An archaeological find in Israel suggests that modern humans may have been in the Middle East before Africa, and twice as long ago as previously believed. And they traded and made tools to boot.
Read all about it at the Daily Mail.
We caution enthusiasts against aligning the levantine provenance of the find with biblical teaching, as if the Bible definitively says that humans arose in the Middle East. We're simply not sure that's the case, not least because the location of the primeval narrative seems deliberately and consciously obscure (two of the rivers of paradise are well known and two aren't known at all) and because the readers are, after all, from the Middle East, suggesting that the story is written for their perspective and not to put a point on a then-nonexistent map to satisfy the curiosity of then-nonexistent paleoanthropologists.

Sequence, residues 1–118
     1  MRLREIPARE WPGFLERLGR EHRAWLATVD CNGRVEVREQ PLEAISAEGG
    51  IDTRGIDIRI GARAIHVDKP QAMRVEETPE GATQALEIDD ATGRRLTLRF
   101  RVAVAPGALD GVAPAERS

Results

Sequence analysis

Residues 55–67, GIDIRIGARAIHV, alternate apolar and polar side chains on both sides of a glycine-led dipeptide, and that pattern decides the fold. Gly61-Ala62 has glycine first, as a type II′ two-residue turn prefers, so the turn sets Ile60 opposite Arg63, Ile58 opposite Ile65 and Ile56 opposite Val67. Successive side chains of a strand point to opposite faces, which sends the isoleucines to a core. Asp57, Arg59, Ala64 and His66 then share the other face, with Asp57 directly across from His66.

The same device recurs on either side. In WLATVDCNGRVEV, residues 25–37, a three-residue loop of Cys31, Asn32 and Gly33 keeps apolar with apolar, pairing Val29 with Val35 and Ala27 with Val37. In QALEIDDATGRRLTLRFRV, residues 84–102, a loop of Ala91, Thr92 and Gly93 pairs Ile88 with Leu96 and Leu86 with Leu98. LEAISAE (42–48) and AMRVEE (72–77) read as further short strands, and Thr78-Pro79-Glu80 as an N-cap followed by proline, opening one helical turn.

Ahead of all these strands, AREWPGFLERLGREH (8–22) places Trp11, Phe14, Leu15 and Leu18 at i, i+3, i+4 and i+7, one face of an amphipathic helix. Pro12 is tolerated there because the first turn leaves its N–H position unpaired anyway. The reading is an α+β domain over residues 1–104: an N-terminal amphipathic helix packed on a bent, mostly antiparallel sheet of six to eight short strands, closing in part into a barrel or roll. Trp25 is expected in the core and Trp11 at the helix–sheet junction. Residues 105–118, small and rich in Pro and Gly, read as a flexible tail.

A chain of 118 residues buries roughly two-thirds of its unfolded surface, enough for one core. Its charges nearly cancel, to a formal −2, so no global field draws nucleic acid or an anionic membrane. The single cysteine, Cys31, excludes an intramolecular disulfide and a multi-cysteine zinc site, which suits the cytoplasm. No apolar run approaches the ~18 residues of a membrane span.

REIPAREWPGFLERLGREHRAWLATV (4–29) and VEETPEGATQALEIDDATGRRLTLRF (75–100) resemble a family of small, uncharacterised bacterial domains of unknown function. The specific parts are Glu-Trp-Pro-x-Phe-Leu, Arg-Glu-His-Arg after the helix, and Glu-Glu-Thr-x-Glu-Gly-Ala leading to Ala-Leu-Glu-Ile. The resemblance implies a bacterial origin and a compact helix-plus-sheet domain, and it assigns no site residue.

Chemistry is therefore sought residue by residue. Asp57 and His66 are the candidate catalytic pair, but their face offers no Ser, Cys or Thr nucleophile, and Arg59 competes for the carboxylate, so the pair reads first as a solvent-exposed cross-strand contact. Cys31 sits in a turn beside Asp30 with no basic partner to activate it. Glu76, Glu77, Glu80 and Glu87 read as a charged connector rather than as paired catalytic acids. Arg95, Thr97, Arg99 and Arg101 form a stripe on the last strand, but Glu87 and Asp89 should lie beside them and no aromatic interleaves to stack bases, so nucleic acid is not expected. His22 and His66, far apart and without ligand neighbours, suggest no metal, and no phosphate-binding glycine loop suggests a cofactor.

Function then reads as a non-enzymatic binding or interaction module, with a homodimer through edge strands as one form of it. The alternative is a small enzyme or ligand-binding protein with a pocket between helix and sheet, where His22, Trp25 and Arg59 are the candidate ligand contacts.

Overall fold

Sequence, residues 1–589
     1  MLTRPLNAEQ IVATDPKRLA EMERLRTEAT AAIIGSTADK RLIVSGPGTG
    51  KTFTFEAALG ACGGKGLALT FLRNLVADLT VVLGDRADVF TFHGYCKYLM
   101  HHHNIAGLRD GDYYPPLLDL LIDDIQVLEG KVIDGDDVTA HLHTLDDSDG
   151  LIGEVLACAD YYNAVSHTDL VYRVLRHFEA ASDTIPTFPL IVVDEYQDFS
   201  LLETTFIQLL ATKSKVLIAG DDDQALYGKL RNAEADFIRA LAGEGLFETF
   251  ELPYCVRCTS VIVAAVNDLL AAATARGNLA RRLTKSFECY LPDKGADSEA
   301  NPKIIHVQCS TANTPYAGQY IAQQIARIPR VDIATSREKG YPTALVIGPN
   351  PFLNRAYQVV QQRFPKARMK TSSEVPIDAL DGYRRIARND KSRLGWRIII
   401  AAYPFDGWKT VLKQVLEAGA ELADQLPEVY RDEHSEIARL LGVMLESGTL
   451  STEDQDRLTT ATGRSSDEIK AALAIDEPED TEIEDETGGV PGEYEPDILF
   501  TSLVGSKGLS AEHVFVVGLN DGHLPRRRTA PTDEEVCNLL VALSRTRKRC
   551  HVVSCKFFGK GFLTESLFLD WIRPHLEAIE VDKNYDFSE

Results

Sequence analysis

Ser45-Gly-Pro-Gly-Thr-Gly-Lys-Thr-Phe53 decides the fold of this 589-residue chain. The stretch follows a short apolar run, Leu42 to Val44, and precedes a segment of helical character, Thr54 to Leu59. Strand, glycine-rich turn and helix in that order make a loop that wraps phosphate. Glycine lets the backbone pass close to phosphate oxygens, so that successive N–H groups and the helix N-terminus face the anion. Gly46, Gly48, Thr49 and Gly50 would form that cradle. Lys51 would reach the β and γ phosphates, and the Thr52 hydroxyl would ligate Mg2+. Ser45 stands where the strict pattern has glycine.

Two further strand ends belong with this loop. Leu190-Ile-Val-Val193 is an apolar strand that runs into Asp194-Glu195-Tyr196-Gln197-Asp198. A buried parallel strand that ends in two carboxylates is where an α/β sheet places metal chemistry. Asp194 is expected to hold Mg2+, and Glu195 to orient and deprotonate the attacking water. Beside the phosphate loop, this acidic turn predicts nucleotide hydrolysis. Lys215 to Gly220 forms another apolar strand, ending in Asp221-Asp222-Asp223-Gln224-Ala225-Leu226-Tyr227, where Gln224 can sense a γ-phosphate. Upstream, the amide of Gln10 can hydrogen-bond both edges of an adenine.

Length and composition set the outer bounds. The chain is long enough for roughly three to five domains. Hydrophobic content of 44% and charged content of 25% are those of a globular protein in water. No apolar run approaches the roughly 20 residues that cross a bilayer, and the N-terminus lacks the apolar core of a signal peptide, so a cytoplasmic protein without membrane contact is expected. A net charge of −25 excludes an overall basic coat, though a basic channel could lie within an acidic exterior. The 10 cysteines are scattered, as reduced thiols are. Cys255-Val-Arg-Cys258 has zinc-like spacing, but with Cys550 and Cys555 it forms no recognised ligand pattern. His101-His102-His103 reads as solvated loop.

That is not to mention that the significance of this finding will certainly be revised as it is scrutinized, which is not to mention that it could be displaced entirely by yet another discovery.
None of which will keep people from using the find for their own ends, like crowing that all humans aren't Africans after all--or that the must be still somehow. Better to draw small conclusions than big ones, given the ridiculously fragmentary nature of our knowledge. It's a tooth, for goodness' sake!